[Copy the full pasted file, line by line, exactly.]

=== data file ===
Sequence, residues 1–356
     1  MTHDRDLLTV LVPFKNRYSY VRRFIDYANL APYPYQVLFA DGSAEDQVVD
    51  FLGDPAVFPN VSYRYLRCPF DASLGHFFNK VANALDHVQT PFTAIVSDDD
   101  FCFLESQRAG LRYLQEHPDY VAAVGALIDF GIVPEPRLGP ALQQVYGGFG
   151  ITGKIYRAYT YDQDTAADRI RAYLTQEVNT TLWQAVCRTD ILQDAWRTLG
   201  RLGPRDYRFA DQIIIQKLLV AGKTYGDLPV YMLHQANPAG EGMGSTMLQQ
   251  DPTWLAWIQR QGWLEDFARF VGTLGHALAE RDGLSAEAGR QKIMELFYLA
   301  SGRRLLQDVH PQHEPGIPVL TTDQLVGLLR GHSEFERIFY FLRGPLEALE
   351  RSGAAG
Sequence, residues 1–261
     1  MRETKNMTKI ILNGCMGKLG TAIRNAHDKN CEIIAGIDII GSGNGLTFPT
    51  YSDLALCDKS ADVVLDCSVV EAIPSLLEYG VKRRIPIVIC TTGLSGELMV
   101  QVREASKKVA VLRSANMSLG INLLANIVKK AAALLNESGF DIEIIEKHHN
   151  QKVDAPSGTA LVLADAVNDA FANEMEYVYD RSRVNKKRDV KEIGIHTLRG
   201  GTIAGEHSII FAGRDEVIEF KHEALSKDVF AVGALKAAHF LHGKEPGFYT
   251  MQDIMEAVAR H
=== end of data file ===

Sequence, residues 1–356
     1  MTHDRDLLTV LVPFKNRYSY VRRFIDYANL APYPYQVLFA DGSAEDQVVD
    51  FLGDPAVFPN VSYRYLRCPF DASLGHFFNK VANALDHVQT PFTAIVSDDD
   101  FCFLESQRAG LRYLQEHPDY VAAVGALIDF GIVPEPRLGP ALQQVYGGFG
   151  ITGKIYRAYT YDQDTAADRI RAYLTQEVNT TLWQAVCRTD ILQDAWRTLG
   201  RLGPRDYRFA DQIIIQKLLV AGKTYGDLPV YMLHQANPAG EGMGSTMLQQ
   251  DPTWLAWIQR QGWLEDFARF VGTLGHALAE RDGLSAEAGR QKIMELFYLA
   301  SGRRLLQDVH PQHEPGIPVL TTDQLVGLLR GHSEFERIFY FLRGPLEALE
   351  RSGAAG
Sequence, residues 1–261
     1  MRETKNMTKI ILNGCMGKLG TAIRNAHDKN CEIIAGIDII GSGNGLTFPT
    51  YSDLALCDKS ADVVLDCSVV EAIPSLLEYG VKRRIPIVIC TTGLSGELMV
   101  QVREASKKVA VLRSANMSLG INLLANIVKK AAALLNESGF DIEIIEKHHN
   151  QKVDAPSGTA LVLADAVNDA FANEMEYVYD RSRVNKKRDV KEIGIHTLRG
   201  GTIAGEHSII FAGRDEVIEF KHEALSKDVF AVGALKAAHF LHGKEPGFYT
   251  MQDIMEAVAR H